Teen Boy Is Youngest to Have Rare Fatal Brain Disorder

(Image credit: Human brain image via Shutterstock)

For three years, a teen boy in North Carolina developed progressively worsening movement, speech and memory problems, but doctors remained unable to determine the cause of his deteriorating condition.

It was only after his death at age 16 that they found the answer: The boy had an extremely rare brain disorder called sporadic fatal insomnia, which is caused by prions, or abnormally folded proteins. The boy is the youngest person known to have had this disease, according to a new report of the tragic case.

Although prion diseases are rare in teenagers, the researchers wanted to publish the case to raise awareness about the condition among doctors who treat children, said Dr. Ermias Belay, of the Center for Disease Control and Prevention's National Center for Emerging and Zoonotic Infectious Diseases, who investigated the boy's case.

The boy's symptoms started back in February 2009, when he visited the emergency department for slurred speech and double vision. His doctor's initially believed his symptoms were related to two concussions the boy had experienced in the previous months, one of which occurred during football practice. But an MRI (magnetic resonance imaging) and CT scan of his head and neck appeared normal. [10 Things You Didn't Know About the Brain]

Over the following months, the boy complained of balance and memory problems, and difficulty writing. In June 2009, he was hospitalized for worsening coordination problems, including an unsteady walk, as well as a fever.

During that hospital stay, a doctor saw the boy was exhibiting involuntary movements of his arms and legs, and he was transferred to a rehabilitation center. Over the following weeks, the boy's memory and walking ability continued to decline. Doctors thought the boy might have inflammation in his brain, possibility caused by an autoimmune disease. When the boy eventually left the hospital, he was in a wheelchair and no longer able to attend school, the report said.

Over the next few years, the boy's condition continued to get worse — he had difficultly chewing and swallowing, and during one hospitalization, doctors said he appeared delirious, but it was not clear if this was due to his condition, or the medications he was taking.

In the fall of 2011, the patient was hospitalized for pneumonia, and five months later, he was re-hospitalized for life-threatening breathing problems. He was placed on a ventilator, but doctors were unable to save him, and he died in February 2012.

Doctors knew the boy had a progressive brain disease, but exactly which disease had eluded them. A postmortem analysis of his brain revealed an extremely unexpected result: The boy had a prion disease. Prions are proteins normally found in the brain that form brain lesions when they start to fold abnormally.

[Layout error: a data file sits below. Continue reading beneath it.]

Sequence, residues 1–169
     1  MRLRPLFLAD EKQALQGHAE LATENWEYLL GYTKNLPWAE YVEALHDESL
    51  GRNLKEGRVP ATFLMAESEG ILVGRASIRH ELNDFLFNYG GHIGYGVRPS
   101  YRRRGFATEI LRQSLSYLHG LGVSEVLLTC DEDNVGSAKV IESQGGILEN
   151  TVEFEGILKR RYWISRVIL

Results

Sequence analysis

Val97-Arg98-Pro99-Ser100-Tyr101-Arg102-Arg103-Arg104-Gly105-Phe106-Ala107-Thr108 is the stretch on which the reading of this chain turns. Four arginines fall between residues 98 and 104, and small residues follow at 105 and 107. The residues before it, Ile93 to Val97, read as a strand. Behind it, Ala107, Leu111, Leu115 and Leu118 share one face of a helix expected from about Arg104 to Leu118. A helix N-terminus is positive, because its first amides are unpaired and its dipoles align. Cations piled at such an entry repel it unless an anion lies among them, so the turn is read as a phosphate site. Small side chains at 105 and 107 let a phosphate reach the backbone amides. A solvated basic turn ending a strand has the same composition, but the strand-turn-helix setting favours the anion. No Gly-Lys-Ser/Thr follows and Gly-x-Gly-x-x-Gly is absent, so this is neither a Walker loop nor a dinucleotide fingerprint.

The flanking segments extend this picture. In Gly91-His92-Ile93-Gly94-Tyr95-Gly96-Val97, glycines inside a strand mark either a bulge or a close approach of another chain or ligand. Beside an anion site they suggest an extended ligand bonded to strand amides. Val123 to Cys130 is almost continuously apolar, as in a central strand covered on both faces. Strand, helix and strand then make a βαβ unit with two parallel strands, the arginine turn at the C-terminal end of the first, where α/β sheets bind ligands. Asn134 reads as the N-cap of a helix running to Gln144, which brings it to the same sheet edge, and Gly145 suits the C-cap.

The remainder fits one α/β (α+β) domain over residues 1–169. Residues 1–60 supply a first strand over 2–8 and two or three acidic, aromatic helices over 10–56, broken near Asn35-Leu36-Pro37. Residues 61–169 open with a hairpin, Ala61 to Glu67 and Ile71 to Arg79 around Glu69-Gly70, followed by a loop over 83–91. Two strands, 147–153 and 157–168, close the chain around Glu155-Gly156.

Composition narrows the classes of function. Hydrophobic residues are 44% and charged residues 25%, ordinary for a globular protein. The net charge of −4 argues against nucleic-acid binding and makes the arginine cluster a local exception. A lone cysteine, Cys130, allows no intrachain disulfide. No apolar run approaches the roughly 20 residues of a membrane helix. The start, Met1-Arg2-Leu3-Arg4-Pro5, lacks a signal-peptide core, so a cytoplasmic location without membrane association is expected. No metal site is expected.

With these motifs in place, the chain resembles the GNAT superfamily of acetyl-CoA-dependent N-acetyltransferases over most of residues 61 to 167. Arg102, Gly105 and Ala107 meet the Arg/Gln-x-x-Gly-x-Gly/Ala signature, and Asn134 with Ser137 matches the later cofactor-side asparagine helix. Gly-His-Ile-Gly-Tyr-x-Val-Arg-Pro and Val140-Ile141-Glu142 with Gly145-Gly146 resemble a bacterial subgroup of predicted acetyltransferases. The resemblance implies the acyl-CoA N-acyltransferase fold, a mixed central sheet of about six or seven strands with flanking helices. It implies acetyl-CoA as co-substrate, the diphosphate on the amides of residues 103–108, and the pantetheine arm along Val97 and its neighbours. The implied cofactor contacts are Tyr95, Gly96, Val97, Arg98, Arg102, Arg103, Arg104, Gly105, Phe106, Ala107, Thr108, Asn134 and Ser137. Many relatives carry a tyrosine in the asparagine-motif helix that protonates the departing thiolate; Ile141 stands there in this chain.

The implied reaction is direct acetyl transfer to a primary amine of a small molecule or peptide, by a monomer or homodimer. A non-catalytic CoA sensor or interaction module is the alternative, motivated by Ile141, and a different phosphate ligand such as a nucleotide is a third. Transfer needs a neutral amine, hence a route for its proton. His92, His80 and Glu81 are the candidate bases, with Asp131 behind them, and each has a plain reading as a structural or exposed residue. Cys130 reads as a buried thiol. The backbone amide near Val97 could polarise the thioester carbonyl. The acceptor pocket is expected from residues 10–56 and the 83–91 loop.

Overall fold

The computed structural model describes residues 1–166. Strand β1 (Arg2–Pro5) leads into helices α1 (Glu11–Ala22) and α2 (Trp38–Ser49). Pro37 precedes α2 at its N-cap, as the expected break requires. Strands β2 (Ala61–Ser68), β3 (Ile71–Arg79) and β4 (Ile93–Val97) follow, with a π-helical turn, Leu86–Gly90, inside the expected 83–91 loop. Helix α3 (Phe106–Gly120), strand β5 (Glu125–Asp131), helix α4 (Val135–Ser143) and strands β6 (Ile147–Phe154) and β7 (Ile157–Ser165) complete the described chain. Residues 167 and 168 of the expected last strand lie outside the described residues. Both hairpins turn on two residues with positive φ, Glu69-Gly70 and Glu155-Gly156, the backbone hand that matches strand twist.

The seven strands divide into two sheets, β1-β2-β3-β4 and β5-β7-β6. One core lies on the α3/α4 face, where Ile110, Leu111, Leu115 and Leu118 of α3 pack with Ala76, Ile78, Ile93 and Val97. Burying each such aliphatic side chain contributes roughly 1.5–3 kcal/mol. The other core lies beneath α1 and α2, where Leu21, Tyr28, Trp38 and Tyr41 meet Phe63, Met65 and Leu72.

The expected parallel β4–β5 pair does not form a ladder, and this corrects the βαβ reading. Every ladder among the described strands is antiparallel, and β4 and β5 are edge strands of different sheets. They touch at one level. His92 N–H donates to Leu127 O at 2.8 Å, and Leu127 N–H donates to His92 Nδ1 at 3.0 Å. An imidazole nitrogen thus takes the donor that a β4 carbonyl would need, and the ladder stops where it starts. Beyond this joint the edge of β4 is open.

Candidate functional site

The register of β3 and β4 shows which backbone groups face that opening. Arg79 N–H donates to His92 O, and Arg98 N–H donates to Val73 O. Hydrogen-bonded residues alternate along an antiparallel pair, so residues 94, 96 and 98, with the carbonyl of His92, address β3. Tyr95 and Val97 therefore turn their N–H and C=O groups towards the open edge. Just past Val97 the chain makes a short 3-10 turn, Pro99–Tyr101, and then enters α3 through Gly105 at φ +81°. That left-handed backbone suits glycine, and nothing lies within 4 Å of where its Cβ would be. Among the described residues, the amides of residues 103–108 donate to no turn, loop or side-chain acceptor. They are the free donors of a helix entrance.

There are two known causes of prions forming in the brain — a person's genes, or factors in the environment. However in some cases, as with this teen boy, there is no "trigger," and these are known as sporadic cases, said Belay said.

"In the United States, prion disease in [teenagers] is extremely extremely unusual," Belay said. "This is the youngest patient, that we are aware of," to have a sporadic prion disease, he said. There is no treatment or cure for prion diseases.

One type of prion disease is Creutzfeldt-Jakob Disease, a condition that is often sporadic. But the lesions in the boy's brain were not characteristic of this condition. Instead, his brain looked similar to those of people with fatal familial insomnia, an inherited prion disease in which patients often experience worsening insomnia. Because the boy did not have the genetic mutation characteristic of people with fatal familial insomnia, he was said to have sporadic fatal insomnia.

If the boy had insomnia, it was not picked up by his doctors or his parents. Belay noted that sometimes a sleep study is needed to diagnose insomnia, but in the boy's case, this was not preformed.

Sometimes insomnia is missed because a patient's condition is so advanced that they aren't able to tell others about their sleep problems, Belay said. "They may be struggling with sleep, and they may not be able to communicate that," he said.

If a doctor is "faced with a patient with very a unusual neurological disease that cannot be explained by any other cause, then they should start considering the possibility of prion diseases, even if the patient is very young," Belay said.

The report is published online Feb. 3 in the journal Pediatrics.

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Rachael Rettner

Rachael is a Live Science contributor, and was a former channel editor and senior writer for Live Science between 2010 and 2022. She has a master's degree in journalism from New York University's Science, Health and Environmental Reporting Program. She also holds a B.S. in molecular biology and an M.S. in biology from the University of California, San Diego. Her work has appeared in Scienceline, The Washington Post and Scientific American.